Consumer prices rise 1.7 percent in first quarter

Graph shows percentage change in CPI of current quarter over same quarter in previous year. – Source: ESO

The average cost of goods and services in Cayman has increased by 1.7 percent in the first quarter of this year, the fastest rate in three years.

The main drivers of inflation in the consumer price index were the restaurant and hotels category, which jumped 9 percent compared to the same period in 2016. Accommodation services showed a 29.3 percent price increase, while the average cost of catering services rose 5.8 percent, statistics released by the Economics and Statistics Office show.

The cost of clothing and food went up by 4.7 percent, and the average expenditure for recreation and culture was 2.9 percent higher than a year earlier.

Housing, one of the largest items in the basket of consumer goods and services used for the calculation of the CPI, and rents, in particular, also drove up the cost for consumers. Rents surged by 5 percent and repair and maintenance costs for dwellings were 3.6 percent higher.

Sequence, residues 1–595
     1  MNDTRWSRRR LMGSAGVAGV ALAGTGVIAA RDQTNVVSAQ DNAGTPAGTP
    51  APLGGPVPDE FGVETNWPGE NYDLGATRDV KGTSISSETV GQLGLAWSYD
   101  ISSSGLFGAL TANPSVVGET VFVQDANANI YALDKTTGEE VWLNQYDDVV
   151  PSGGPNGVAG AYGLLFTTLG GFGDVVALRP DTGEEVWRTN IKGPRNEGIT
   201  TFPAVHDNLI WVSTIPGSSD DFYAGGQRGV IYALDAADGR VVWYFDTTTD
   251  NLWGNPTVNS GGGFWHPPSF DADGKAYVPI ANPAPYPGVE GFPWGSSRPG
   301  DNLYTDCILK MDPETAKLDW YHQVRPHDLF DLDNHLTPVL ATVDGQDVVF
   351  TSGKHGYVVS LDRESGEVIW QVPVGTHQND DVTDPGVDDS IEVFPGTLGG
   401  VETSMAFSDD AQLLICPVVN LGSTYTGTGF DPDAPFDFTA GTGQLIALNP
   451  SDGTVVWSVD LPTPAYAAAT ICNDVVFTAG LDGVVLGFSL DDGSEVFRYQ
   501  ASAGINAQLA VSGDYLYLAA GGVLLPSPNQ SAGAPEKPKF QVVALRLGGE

However, a decrease in water supply and other services of 7.2 percent, as well as a 1.7 percent lower cost of electricity, gas and other fuels cushioned other price increases.

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In terms of food, fish and seafood rose by 10 percent and accounted for the highest price increase in this segment. The cost of milk, cheese and eggs was 5.5 percent higher; mineral water, soft drinks, fruit and vegetable juices, and oils and fats also showed above-average price increases.

Meanwhile, other food items like vegetables were 8.8 percent cheaper; meat products declined by 4.6 percent and prices for coffee, tea, and cocoa were 1.8 percent lower.

Merchandise imports fell by 2 percent.

The total value of all merchandise goods imported into the Cayman Islands in the first quarter of 2017 amounted to $207.8 million. This is lower by $4.3 million compared with the same period in 2016 as imports of machinery and transportation equipment, chemical products and commodities fell significantly, according to the Economics and Statistics Office’s Quarterly Trade Bulletin.

Imports of petroleum and related-products, in turn, grew by more than half (50.4 percent), and the total value of food imports increased by 4 percent.

The overall decline was due to a 6.1 percent reduction in the total value of non-petroleum products, which accounted for 88.9 percent of total imports.

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